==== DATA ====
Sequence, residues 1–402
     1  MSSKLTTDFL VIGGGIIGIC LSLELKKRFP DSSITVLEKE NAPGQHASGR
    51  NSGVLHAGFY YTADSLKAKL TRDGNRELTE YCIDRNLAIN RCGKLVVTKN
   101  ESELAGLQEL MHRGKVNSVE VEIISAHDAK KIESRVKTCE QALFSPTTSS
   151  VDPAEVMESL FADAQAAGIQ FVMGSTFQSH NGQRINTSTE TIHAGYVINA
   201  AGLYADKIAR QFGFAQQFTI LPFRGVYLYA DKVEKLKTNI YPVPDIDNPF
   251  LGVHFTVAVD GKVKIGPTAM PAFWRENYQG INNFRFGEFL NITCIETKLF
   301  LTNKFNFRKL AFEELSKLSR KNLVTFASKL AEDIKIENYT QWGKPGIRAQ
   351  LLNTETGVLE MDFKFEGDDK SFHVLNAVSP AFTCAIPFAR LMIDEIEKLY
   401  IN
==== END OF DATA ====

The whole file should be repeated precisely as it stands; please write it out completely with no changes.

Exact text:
Sequence, residues 1–402
     1  MSSKLTTDFL VIGGGIIGIC LSLELKKRFP DSSITVLEKE NAPGQHASGR
    51  NSGVLHAGFY YTADSLKAKL TRDGNRELTE YCIDRNLAIN RCGKLVVTKN
   101  ESELAGLQEL MHRGKVNSVE VEIISAHDAK KIESRVKTCE QALFSPTTSS
   151  VDPAEVMESL FADAQAAGIQ FVMGSTFQSH NGQRINTSTE TIHAGYVINA
   201  AGLYADKIAR QFGFAQQFTI LPFRGVYLYA DKVEKLKTNI YPVPDIDNPF
   251  LGVHFTVAVD GKVKIGPTAM PAFWRENYQG INNFRFGEFL NITCIETKLF
   301  LTNKFNFRKL AFEELSKLSR KNLVTFASKL AEDIKIENYT QWGKPGIRAQ
   351  LLNTETGVLE MDFKFEGDDK SFHVLNAVSP AFTCAIPFAR LMIDEIEKLY
   401  IN